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Relevant: Abstraction from GRAM’s Collection

Two abstract, color screenprints, one with black, red, and silver lines and the other with black lines and accents of blue and green.Mavis Pusey (American, 1928–2019). Left: Paris Mai-Juin 68, 1968. Color screenprint on paper, 33 x 24.5 inches. Museum Purchase, Karl and Patricia Betz, 2019.27. © Artist’s or Artist’s Estate. Right: Impact on Vibration, c. 1968. Color screenprint on paper, 33 x 22.8 inches. Museum Purchase, Sam and Janene Cummings, 2019.26. © Artist’s or Artist’s Estate

Relevant: Abstraction from GRAM’s Collection

September 6, 2019 – January 5, 2020

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Level 3, Gallery 3

Relevant: Abstraction from GRAM’s Collection is an exhibition guest-curated by Juana Williams, Exhibitions Curator at the Urban Institute for Contemporary Art (UICA). GRAM occasionally invites guest curators to work with GRAM’s collection in order to bring fresh ideas and perspectives to our members and visitors. For Relevant, Williams has assembled eleven abstract paintings and works on paper from GRAM’s permanent collection, most created by artists a half-a-century or more after abstraction’s invention in the early 20th century. During the 1950s through the 1970s, when most of the works in the exhibition were created, artists were evaluating whether abstraction could still be a relevant form of expression. These decades saw exciting innovation in the visual arts–often in negative response to abstract painting, which some saw as elitist and outmoded. The art in Relevant demonstrates how abstraction still proved to be a stimulating arena for artists, and capable of personal expression in a variety of unique approaches.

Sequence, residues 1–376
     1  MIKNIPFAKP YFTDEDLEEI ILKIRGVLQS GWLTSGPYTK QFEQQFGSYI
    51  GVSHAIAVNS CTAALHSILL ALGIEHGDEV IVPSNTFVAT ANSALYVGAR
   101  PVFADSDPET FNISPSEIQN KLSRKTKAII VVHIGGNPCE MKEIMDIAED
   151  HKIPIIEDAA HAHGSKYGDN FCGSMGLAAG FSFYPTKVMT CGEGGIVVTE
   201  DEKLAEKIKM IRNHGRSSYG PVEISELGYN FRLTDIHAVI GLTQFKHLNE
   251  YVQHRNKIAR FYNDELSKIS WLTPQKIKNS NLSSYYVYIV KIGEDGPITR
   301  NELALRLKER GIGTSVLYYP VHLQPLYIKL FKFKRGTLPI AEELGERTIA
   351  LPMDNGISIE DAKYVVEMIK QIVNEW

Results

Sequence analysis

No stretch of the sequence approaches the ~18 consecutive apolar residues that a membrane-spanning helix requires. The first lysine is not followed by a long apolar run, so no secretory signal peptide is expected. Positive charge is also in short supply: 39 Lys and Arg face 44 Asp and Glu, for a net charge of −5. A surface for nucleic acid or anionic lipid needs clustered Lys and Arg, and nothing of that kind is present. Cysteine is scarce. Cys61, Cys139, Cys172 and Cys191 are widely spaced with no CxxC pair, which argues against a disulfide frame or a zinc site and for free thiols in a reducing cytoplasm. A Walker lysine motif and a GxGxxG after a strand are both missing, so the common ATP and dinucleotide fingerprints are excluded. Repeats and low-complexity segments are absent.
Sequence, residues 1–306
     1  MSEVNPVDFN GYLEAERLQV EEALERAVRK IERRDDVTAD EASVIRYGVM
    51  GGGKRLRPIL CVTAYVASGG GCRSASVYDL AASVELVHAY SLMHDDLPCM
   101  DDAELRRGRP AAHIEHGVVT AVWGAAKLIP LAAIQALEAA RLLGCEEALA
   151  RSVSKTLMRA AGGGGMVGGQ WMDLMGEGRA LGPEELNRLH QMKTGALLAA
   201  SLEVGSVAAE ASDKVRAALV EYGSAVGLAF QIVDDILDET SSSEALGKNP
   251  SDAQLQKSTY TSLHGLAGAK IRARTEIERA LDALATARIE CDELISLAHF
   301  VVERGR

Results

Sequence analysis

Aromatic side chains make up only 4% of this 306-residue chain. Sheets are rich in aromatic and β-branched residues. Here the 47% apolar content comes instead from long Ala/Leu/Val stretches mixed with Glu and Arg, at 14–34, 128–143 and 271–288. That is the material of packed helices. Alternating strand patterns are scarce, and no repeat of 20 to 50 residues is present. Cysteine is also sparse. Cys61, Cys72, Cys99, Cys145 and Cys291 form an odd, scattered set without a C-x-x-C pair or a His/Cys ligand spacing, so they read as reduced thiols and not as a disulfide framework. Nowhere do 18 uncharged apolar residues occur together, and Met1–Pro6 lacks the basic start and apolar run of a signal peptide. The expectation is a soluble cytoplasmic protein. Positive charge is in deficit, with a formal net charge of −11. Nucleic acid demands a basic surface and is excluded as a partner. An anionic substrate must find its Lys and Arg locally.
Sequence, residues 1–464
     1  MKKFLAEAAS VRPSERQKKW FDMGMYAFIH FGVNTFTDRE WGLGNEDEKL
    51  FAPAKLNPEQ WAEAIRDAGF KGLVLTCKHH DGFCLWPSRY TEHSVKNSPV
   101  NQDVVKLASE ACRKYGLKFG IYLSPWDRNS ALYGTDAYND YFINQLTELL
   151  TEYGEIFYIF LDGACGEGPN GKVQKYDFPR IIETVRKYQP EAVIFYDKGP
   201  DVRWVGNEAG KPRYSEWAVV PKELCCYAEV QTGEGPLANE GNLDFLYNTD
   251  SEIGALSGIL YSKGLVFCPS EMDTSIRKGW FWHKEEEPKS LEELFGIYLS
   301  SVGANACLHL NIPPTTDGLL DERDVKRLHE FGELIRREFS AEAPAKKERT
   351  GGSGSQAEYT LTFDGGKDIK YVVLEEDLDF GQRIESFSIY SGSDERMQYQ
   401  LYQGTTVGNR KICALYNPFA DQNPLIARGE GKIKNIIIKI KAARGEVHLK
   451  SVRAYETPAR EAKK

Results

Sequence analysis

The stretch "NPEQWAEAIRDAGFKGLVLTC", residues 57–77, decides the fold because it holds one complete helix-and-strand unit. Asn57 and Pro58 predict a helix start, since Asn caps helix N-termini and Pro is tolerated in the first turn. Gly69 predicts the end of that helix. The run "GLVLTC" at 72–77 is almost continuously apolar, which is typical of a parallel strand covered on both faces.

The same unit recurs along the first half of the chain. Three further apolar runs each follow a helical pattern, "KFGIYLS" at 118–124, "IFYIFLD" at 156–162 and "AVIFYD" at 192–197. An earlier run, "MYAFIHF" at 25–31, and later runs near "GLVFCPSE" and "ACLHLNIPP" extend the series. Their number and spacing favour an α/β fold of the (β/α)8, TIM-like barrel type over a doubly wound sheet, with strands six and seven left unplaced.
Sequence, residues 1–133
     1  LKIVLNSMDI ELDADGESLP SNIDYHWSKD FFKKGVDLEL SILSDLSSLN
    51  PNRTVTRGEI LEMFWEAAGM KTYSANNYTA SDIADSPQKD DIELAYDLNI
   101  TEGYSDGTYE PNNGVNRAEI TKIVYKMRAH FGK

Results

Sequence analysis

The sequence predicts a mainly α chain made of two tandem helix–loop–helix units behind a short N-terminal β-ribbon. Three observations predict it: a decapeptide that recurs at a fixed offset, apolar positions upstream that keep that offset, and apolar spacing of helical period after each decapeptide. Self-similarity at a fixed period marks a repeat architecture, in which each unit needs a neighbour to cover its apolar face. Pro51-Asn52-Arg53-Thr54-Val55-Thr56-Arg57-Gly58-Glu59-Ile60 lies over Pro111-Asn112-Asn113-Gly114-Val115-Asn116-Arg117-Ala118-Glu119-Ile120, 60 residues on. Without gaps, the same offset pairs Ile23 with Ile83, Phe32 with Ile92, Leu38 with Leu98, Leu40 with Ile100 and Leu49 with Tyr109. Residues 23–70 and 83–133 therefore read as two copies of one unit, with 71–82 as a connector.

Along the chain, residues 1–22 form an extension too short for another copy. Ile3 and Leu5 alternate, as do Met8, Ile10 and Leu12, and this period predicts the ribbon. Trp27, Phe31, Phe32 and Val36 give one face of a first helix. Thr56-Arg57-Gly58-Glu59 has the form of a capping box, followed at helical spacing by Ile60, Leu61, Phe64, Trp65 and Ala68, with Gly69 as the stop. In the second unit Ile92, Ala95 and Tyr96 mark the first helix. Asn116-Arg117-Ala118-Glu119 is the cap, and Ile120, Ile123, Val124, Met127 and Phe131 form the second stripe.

A native of Detroit, curator Juana Williams earned a Master of Fine Arts at Wayne State University and held positions at the Museum of Contemporary Art Detroit and the Detroit Institute of Arts before joining the UICA in 2018. Relevant is on view concurrently with the UICA’s exhibition SPECTRA, also curated by Williams. While Relevant focuses exclusively on two-dimensional 20th century abstraction, SPECTRA features works of contemporary abstract and non-representational art that break from traditional mediums and concepts and provides insight into these alternative modes of expression. Conceived as two parts of a whole, Relevant and SPECTRA examine abstract art through historical and contemporary lenses. Together, they show how abstraction has remained relevant for over 100 years by both addressing its own histories and legacies and by continually adapting and diversifying with the times.

An Art of Changes: Jasper Johns Prints, 1960–2018